Over the past three decades Mindfulness Based Interventions (MBIs) have been applied in clinical settings worldwide for the promotion of physical and emotional well-being among individuals suffering from stress, anxiety, depression, cardiac disease, high blood pressure and a wide variety of chronic or recurrent health conditions such as CFS/ME and fibromyalgia.

We currently offer the following 8 week (2 - 2.5 hours per week) structured group courses which teach mindfulness meditation as an effective counter-balance to the stresses of life. 

Mindfulness Based Cognitive Therapy (MBCT) *

MBCT combines mindfulness and CBT and has a clinically proven record of preventing the relapse of depression.  It is recommended in NICE guidelines for the treatment of recurrent depression.   Please use this link for course content.

Mindfulness Based Stress Reduction (MBSR)

MBSR has a wider scope and is attended by participants from a range of backgrounds.  It teaches mindfulness as a life skill, and is recommended both for general wellbeing and in the treatment of a range of conditions (including stress, anxiety, depression, ME, IBS and high blood pressure).   Please use this link for course content.


Introducing Mindfulness to Patients

Interest in mindfulness meditation is at an all time high.   The international best seller “Mindfulness: A practical guide to finding peace in a frantic world” has spent over 5 years in Amazon's top 100 books.  There is however a lot of misundertanding about what mindfulness is and what attending an 8-week mindfulness course would entail.  We have therefore developed a Patient Information Sheet which addresses some of the common misconceptions and also highlights the level of personal commitment required.

Please see http://www.yorkmbsr.eventbrite.co.uk/ for details of forthcoming course dates and further information.  If you click attend and then scroll down you will find further course information.

For anyone who would like to find out more before committing to an 8 week course we would recommend one of the following books

          • Mindfulness: A practical guide to finding peace in a frantic world by Prof Mark Williams and Danny Penman
          • Mindfulness for Health: A practical guide to relieving pain, reducing stress and restoring wellbeing by Vidyamala Burch and Danny Penman


If you would like copies of mindfulness flyers either to display in your practice or as a means of introducing mindfulness to patients then please get in touch.


Referring Patients

Please note: our courses are not currently available through single-point-of-access, so you will need to apply for exceptional funding / individual commissioning from your CCG.

Please use the following links to access


Training for GPs and Healthcare Professionals

If you would like to find out more about mindfulness, from either a personal or professional perspective, then you might like to consider the following options (available on both a public and commissioned basis).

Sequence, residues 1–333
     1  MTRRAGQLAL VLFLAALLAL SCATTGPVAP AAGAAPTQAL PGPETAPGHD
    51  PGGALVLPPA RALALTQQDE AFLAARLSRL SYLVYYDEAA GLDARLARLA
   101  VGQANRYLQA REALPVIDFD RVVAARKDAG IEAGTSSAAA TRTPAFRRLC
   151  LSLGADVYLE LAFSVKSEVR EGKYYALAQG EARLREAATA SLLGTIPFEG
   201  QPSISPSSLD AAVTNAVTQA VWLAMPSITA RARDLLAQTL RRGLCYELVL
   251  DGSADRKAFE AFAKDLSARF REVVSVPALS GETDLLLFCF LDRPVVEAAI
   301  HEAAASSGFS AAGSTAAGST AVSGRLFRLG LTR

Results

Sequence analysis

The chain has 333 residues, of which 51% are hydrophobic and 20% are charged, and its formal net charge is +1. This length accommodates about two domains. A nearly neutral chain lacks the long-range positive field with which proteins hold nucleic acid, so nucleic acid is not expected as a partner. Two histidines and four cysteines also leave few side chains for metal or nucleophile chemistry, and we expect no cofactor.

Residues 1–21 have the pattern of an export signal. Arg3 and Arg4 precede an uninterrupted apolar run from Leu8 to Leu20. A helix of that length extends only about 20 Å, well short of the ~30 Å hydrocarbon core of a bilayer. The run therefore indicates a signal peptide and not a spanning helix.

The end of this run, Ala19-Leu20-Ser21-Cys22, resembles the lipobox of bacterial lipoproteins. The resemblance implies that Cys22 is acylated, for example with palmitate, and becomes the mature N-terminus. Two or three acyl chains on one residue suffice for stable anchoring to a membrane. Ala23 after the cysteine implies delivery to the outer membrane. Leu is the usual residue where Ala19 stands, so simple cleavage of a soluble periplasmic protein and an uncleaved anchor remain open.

• attending an introductory workshop
  • attending an 8 week MBSR course
  • attending a Mindfulness for Healthcare Professional Skills Development Workshop (for those who have completed an 8 week course).

Hull York Medical School also offer Introduction to Mindfulness Workshops in partnership with Dr Kamila Hortynska. To find out more please email Jackie.Houlton@hyms.ac.uk.

Those interested in GP Well-being may find this article of interest which higlights the pressures faced by GPs and how mindfulness may be benefiical in terms of increased job satisfaction, quality of life and compassion, in addition to patient satisfaction.


Further Information

If you would like any further information please contact us, either through relax@yorkmbsr.co.uk or by calling 01904 634710.









'The Mindful UK Report, the first policy document of its kind, seeks to address mental health concerns in the areas of education, health, the workplace and the criminal justice system through the application of mindfulness interventions. The recommendations in this report are evidence-based, sourced directly from experienced implementers, who report notable success in their respective fields and urge policymakers to invest resources in further pilot studies and increase public access to qualified teacher trainers'.



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"The benefit of this in the NHS for both staff and the population at large could be great"


"Should be available and promoted more widely in the NHS "


“Refreshed my memory of scientific research,

re-invigorated my practice and

I found it beneficial to share professional expertise”


Workshop Participants


"10/10 - I will use this personally and as a doctor, will pass on the word to other NHS members... I can see this being used in so many areas". 


GP / Workshop Participant

















York MBSR & The Northern Centre for Mindfulness and Compassion

Book Online: www.yorkmbsr.eventbrite.co.uk I Email: Relax@YorkMBSR.co.uk I Telephone: 01904 634710

Post: York MBSR, Priory Street Centre, 15 Priory Street, York, YO1 6ET

© 2017 York MBSR Limited